As part of my own Lenten reflection, I’m writing about some of the weapons systems that the General Accounting Office has identified as boondoggles. Today we are looking at robots, drones, sensors, smart bombs and other types of artificial intelligence.
It is sort of like what Paul tells the Ephesians: These are things we have not seen and cannot imagine. So far we have spent about 15 billion on them. The initial estimate was $92 billion but now it’s gone up to $340 billion.
Because of this huge increase in estimated costs, future expenditures are unclear. The New York Times notes that some expensive communications systems have been replaced in the field by a simple, secure Web-based tool.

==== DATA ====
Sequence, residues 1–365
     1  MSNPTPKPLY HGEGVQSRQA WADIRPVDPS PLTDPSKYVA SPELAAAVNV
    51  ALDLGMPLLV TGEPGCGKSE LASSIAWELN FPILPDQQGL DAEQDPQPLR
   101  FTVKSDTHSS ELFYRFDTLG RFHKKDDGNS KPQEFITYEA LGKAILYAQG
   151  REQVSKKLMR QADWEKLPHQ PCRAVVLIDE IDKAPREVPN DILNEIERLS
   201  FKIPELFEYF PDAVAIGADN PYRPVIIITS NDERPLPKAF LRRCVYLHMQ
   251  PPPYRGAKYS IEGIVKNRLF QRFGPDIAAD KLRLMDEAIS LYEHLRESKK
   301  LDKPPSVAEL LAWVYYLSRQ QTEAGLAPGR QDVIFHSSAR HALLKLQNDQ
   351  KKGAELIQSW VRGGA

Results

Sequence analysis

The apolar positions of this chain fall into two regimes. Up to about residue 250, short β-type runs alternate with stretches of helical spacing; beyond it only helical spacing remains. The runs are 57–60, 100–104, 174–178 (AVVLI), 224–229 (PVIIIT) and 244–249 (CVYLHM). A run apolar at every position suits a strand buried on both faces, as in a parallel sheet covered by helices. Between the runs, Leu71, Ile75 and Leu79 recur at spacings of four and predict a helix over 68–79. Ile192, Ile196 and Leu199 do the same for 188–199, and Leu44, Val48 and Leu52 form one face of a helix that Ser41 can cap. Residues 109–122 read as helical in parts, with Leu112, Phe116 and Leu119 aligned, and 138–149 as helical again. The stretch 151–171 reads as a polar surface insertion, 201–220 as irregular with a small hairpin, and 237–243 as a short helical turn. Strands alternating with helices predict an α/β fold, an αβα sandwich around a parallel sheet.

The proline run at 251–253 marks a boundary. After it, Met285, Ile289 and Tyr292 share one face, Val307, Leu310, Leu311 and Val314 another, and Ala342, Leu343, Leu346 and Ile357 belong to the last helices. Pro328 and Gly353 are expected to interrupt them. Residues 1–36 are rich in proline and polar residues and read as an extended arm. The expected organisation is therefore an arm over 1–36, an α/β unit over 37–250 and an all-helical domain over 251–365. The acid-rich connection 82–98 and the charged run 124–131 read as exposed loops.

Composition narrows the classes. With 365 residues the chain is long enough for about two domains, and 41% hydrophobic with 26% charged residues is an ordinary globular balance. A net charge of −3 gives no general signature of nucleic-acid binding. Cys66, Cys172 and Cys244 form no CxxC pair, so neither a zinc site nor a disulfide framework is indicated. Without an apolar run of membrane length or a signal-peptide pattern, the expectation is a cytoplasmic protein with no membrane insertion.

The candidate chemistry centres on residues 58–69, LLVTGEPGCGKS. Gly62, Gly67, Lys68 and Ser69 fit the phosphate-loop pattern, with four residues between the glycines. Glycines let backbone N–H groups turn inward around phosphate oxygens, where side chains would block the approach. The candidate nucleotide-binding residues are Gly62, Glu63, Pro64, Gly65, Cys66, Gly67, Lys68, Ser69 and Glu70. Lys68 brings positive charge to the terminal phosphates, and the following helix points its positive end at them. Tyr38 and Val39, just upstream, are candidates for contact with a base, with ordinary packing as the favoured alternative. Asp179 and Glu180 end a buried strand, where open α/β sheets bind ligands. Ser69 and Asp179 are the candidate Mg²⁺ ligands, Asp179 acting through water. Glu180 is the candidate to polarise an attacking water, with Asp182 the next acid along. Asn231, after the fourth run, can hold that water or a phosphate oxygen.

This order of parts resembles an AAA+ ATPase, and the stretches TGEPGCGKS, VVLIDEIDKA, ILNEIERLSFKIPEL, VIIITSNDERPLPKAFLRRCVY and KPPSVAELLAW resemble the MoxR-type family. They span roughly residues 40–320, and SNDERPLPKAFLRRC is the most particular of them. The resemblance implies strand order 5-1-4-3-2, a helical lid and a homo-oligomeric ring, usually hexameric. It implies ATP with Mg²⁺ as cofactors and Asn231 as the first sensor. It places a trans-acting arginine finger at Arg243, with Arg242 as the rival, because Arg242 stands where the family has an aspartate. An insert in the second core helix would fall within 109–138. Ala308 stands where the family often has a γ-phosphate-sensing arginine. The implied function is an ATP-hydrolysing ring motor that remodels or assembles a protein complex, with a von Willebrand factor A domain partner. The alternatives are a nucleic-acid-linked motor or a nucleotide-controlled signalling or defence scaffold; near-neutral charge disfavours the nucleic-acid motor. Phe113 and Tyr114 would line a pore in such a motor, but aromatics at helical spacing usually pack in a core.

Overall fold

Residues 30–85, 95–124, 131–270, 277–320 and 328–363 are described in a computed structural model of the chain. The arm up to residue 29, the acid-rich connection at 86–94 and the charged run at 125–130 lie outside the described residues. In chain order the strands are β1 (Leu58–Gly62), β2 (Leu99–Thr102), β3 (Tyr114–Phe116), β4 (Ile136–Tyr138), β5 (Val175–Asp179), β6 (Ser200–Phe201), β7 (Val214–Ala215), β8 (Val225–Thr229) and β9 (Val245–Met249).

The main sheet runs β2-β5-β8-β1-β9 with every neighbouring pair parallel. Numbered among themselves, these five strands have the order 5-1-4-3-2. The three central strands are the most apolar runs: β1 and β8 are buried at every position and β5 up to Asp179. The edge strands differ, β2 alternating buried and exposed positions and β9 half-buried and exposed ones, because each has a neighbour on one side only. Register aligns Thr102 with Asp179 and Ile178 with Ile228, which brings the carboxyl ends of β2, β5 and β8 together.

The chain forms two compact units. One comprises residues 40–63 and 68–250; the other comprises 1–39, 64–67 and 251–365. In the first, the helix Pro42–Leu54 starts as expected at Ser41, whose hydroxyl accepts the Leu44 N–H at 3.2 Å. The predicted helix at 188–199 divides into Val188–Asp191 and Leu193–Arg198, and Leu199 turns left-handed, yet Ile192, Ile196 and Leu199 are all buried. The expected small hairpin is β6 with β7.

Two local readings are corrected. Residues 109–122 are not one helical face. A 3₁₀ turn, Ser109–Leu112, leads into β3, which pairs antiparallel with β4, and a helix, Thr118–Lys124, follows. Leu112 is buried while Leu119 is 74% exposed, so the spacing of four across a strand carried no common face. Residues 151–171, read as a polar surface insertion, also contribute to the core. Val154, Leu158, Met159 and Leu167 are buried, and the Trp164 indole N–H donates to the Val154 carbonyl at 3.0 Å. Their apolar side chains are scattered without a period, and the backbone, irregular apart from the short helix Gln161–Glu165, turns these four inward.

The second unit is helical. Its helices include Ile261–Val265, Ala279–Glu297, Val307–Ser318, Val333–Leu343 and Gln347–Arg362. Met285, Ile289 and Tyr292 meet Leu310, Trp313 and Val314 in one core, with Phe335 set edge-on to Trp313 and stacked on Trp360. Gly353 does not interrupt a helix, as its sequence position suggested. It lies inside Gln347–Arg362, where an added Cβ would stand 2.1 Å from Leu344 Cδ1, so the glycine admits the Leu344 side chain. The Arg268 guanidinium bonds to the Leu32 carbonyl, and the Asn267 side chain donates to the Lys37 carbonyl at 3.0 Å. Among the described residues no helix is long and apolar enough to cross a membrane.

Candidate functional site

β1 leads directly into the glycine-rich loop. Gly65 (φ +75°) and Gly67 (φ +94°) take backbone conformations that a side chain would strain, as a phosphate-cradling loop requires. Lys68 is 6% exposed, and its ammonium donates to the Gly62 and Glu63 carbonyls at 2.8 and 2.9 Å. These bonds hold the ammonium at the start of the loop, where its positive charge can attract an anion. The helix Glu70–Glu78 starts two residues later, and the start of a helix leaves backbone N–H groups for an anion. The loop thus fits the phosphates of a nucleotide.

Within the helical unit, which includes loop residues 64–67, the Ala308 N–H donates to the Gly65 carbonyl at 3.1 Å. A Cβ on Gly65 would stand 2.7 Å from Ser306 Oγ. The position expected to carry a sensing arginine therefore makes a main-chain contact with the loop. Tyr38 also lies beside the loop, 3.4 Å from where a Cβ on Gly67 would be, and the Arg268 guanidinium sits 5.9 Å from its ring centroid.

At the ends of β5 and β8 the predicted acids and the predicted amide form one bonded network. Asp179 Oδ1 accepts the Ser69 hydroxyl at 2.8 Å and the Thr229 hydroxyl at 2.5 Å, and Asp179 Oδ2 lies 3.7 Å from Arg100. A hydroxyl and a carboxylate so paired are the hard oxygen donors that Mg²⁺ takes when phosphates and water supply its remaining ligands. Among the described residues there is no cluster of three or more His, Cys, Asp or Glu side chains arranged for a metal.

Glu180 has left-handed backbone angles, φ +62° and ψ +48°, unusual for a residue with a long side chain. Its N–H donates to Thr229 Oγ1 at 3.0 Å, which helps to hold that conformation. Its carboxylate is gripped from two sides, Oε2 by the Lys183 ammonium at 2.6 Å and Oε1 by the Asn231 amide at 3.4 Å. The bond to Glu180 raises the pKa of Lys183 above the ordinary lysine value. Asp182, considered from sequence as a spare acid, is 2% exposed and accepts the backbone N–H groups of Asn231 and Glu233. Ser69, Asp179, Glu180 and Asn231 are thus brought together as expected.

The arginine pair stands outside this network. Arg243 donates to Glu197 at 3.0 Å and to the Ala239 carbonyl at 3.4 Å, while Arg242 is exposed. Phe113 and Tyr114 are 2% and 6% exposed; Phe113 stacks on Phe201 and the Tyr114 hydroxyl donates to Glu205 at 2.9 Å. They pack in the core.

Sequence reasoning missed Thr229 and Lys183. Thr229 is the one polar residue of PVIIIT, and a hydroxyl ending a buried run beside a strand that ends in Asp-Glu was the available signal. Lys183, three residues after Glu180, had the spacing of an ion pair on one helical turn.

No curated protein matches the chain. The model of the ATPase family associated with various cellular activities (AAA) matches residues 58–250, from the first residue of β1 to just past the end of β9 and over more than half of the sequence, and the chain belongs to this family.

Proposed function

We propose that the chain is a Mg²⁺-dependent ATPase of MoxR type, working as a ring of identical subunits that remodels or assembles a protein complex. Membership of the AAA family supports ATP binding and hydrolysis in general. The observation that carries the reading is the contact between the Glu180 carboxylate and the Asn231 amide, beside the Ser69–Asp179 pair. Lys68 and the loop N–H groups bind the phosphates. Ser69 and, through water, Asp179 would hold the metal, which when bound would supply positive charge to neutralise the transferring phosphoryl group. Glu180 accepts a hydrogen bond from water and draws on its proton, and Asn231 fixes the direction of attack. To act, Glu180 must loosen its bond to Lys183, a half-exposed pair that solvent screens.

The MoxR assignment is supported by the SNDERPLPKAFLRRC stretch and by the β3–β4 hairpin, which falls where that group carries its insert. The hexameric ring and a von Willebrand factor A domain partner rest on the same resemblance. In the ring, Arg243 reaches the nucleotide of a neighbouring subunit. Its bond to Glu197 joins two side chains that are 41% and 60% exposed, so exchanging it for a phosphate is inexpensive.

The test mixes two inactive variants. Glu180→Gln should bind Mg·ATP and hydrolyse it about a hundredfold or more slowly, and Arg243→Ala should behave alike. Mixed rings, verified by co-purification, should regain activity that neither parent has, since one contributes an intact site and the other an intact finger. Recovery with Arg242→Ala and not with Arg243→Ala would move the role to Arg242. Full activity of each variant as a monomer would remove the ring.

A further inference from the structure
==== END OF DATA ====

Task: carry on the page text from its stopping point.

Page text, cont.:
Research, both military and commercial, is certainly on the hunt for artificial intelligence. Particular to the budgetary and economic debates of the moment is their role in job creation.
These systems are capital intensive, that is, they utilize few skilled workers. The panels or motherboards that guide them are generally assembled by unskilled workers, young girls with small agile fingers who live in Mexico, Indonesia and China.
Additionally, the Pentagon drains skilled labor from commercial ventures, offering high wages and interesting problems to engineers and scientists who might otherwise be perfecting windmills, solar reflector pools and photovoltaic cells. These unmanned systems and communications tools pose terrific theoretical and practical challenges. They drain our investment capital as well as our skilled labor.
Again I ask myself and you, dear reader. Where shall we place our treasure? Wherein lies our security?